Cybercrime , Endpoint Security , Fraud Management & Cybercrime

N-Day Vulnerabilities: The Critical Importance of Patching

Accenture's Roya Gordon on Making Better Use of Threat Intelligence
Roya Gordon, cyberthreat intelligence manager, Accenture

Roya Gordon of Accenture describes how rather than hunting for zero-day vulnerabilities, attackers are exploiting N-Day - or known - vulnerabilities. They often wait anywhere from two to 10 years after the patch has been released, knowing that in most cases the customer will not have implemented the patch, she says. She also discusses how to better synthesize and act on threat intelligence.

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Gordon recommends that security teams use the tools that the threat actors are using, such as port scanners and pen testing kits, "and then address those weak points by patching and securing those ports before the threat actors can exploit them."

In a video interview with Information Security Media Group, she also discusses:

  • How criminals are exploiting N-Day vulnerabilities;
  • How to acquire a better understanding of which patches to prioritize;
  • How CISOs can better synthesize threat intelligence and act on it quickly.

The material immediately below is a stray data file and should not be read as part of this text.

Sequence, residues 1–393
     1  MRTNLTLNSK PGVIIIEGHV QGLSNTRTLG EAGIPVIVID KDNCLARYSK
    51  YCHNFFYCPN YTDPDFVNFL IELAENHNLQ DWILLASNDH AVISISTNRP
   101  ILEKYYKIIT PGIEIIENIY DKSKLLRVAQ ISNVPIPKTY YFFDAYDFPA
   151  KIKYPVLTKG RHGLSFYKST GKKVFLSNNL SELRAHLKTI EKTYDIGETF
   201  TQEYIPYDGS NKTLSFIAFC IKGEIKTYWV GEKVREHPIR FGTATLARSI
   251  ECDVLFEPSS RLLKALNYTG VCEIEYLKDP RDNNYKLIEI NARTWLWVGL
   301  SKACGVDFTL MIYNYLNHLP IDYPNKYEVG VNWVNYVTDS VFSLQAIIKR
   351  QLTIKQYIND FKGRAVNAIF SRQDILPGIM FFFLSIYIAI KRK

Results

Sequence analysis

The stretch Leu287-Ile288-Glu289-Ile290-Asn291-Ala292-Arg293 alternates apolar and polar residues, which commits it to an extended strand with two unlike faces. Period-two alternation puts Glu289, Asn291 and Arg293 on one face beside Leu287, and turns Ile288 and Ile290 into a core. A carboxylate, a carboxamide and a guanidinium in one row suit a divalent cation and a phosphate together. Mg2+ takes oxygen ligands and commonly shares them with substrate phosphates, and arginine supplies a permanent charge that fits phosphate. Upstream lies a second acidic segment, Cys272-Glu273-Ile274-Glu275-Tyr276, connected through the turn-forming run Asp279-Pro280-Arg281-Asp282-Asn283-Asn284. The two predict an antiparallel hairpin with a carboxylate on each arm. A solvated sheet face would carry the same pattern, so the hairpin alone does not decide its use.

As a cyberthreat intelligence subject matter expert at Accenture, Gordon focuses on cyber-adversary attack methodologies, malware targeting U.S. critical infrastructure, ransomware resilience, and ICS vulnerabilities. She has worked with academia, industry, national laboratories, and government agencies on various CTI initiatives. Prior to Accenture, Gordon worked at the Idaho National Laboratory, conducting cyberthreat analysis and assessments for the U.S. energy infrastructure. She also served six years in the United States Navy as a threat intelligence specialist.


About the Author

Anna Delaney

Anna Delaney

Director, ISMG Productions

An experienced broadcast journalist, Delaney conducts interviews with senior cybersecurity leaders around the world. Previously, she was editor-in-chief of the website for The European Information Security Summit, or TEISS. Earlier, she worked at Levant TV and Resonance FM and served as a researcher at the BBC and ITV in their documentary and factual TV departments.




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